- Technology powering older Economy 7 and 10 meters is due to end soon
- Customers using off-peak power have to get a smart meter or lose cheap electric
- Will you lost out? Contact us: [email protected]
Almost one million homes and businesses face having their cheap overnight electricity tariffs switched off next month unless they get a smart meter fitted.
Many homes could even lose access to heating and hot water if they do not agree to having a smart meter.
This is because the technology powering older Economy 7 and 10 meters is set to be switched off from 31 March, with many owners of these devices facing an uncertain future.
Economy 7 and 10 tariffs offer cheaper overnight electricity rates, and are popular with homes that want to save money by running appliances like washing machines and dishwashers overnight, or by using night-time storage heaters.
To get these tariffs homes either need to have a modern smart meter or an older meter that runs on 1980s technology called Radio Teleswitch (RTS).
Petering meters: Old Economy 7 meters like this one may not work properly in a few weeks
RTS meters piggyback off the long-wave channel for BBC Radio 4 in order to communicate with energy firms. Energy firms use RTS to switch a meter between peak and off-peak rates.
There are around 900,000 active RTS meters in the UK, according to figures from energy regulator Ofgem.
The contract between the BBC and energy firms to run the RTS system is ending on 31 March, although This is Money understands there are last-minute talks to try to extend this deadline into 2025.
But if the RTS service is switched off then households face their meters not working properly, and possibly losing their hot water and heating.
Many energy firms are now contacting their RTS meter customers and urging them to switch to a smart meter.
An EDF email to one RTS meter customer reads: ‘Once this service is shut down, your meter could lose functionality and off-peak timings could change.
‘This could also result in the loss of important functions like heating and hot water.
‘You could also see increased costs, as when the RTS service ends your off-peak hours may no longer be picked up.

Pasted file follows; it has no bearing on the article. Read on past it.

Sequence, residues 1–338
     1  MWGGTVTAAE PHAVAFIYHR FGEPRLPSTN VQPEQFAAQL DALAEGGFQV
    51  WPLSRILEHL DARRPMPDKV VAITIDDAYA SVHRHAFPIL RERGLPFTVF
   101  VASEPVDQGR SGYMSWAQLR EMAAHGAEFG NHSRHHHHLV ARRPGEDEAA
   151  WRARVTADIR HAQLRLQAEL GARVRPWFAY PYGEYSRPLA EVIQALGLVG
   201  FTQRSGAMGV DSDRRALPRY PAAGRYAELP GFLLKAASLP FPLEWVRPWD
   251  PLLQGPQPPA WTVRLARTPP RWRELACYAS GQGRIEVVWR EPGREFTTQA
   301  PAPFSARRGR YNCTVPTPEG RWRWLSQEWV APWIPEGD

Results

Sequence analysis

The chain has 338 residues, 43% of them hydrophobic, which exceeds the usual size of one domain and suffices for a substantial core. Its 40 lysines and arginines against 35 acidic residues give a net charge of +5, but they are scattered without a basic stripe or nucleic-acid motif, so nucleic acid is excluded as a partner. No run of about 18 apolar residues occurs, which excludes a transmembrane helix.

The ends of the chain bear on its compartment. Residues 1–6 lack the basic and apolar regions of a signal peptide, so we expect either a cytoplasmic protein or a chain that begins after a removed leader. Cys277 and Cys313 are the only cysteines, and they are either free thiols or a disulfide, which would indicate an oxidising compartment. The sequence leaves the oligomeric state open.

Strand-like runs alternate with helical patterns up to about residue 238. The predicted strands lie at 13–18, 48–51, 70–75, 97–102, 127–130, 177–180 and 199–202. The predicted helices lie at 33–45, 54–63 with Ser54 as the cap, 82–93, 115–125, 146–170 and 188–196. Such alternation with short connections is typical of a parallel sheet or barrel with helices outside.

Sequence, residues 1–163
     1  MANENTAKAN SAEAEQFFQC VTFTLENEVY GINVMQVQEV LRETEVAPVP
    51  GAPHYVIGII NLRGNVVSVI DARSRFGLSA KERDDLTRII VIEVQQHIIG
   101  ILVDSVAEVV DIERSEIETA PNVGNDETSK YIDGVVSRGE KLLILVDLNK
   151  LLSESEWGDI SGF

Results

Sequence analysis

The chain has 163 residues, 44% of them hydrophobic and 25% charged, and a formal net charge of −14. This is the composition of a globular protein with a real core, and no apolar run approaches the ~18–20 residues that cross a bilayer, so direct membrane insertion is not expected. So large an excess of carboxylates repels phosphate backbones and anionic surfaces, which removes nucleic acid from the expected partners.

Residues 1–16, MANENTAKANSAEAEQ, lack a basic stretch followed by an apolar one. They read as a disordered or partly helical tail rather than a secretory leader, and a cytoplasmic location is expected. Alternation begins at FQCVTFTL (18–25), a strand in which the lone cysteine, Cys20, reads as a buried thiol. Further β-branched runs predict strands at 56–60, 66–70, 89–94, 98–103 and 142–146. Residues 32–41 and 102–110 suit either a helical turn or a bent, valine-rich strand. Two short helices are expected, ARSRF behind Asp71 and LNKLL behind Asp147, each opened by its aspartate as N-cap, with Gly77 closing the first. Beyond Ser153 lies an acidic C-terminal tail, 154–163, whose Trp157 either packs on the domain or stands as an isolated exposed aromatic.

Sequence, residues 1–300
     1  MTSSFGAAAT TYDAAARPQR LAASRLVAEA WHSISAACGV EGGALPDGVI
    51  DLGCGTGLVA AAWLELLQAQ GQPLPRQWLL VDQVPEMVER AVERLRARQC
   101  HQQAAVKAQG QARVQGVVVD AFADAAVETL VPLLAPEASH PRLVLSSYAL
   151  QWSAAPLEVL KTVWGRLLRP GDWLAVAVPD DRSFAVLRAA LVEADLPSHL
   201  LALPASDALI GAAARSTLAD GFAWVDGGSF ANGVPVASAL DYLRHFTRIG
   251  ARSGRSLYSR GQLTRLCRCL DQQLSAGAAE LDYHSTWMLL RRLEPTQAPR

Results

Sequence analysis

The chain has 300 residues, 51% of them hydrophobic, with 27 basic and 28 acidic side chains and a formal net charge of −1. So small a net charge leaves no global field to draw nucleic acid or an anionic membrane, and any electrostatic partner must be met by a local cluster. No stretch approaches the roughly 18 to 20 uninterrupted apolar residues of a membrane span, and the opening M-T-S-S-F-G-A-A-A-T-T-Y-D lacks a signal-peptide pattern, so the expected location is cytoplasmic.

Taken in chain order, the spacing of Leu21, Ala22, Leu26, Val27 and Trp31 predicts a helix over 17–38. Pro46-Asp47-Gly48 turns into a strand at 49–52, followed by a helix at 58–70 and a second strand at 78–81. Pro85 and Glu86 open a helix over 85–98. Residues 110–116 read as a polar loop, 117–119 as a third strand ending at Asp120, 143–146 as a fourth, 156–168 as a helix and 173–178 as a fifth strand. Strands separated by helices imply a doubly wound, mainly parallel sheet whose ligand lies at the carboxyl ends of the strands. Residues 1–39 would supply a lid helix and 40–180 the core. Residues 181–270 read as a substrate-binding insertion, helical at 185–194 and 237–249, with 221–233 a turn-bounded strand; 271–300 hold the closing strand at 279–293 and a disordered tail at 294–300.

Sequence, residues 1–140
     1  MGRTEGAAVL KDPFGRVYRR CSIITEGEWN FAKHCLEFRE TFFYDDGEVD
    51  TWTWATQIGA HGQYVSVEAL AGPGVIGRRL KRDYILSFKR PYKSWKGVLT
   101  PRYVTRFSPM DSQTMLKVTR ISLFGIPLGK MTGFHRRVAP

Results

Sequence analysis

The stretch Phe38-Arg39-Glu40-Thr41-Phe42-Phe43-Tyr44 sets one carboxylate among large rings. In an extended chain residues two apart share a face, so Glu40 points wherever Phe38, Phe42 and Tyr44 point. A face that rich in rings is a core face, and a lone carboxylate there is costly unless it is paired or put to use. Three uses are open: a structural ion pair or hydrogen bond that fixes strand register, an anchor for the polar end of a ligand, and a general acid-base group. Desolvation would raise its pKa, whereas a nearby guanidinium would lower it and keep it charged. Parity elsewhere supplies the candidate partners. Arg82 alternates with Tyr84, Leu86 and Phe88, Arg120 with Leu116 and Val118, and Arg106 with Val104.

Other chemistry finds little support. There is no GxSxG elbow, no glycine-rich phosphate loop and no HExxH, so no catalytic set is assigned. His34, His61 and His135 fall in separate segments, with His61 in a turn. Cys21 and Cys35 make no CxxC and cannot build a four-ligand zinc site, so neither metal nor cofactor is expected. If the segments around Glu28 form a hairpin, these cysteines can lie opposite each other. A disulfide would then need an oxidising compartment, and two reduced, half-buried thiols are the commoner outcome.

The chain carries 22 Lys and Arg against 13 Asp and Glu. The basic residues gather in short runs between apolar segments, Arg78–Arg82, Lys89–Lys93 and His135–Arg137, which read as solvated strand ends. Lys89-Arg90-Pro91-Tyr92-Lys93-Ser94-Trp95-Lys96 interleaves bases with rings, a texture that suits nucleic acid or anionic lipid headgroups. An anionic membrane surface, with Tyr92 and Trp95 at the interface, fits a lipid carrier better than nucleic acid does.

‘By upgrading your meter, you can continue to benefit from your off-peak hours without the need for the radio signal.’
The customer said: ‘EDF bombarded me a few months ago with emails telling me that my meter will no longer receive the signal (for Economy 7 switching) in 2024, which means my heating and hot water probably won’t work, so I will need a smart meter well beforehand due to demand.
‘So the previous harassment over the Government insisting that I have one has now turned into what could be classed as veiled threats.’
A similar email to an Octopus customer said: ‘The technology that switches your meter from peak to off-peak price is coming to an end in March 2024.
‘After the Radio Teleswitch Service (RTS) ends, your meter’s timings may not work as expected.
‘There’s a simple solution: we need to replace your meter. Book your smart meter install for a day that suits you, and we’ll handle the rest.’
But many households do not want a smart meter, or cannot have one installed due to connectivity issues.
Some readers have told This is Money that their smart meter bills are wrong, or that they feel bullied into getting one.
Homes that do not want to lose their RTS meter can in theory keep them, as it is not compulsory to have a smart meter fitted unless your old one is dangerous.
But keeping an RTS meter will mean losing access to the cheap overnight electricity of Economy 7 and 10 tariffs in just a few weeks, unless the deadline is extended.
Instead, households that keep RTS meters are likely to be switched to an alternative energy deal without off-peak rates.
An Ofgem spokesman said: ‘Ofgem expects suppliers to ensure appropriate metering arrangements are in place for their consumers.
‘This includes arranging for the replacement and upgrading of RTS metering equipment before any prospective end date and communicating clearly with consumers regarding this.’
Many Economy 7 and 10 tariffs are also popular with electric vehicle (EV) owners, who want cheaper electricity when recharging their cars overnight.
However, many EV owners will be affected by the end of the RTS service, as most EV-specific energy deals already require homes to have a smart meter to sign up.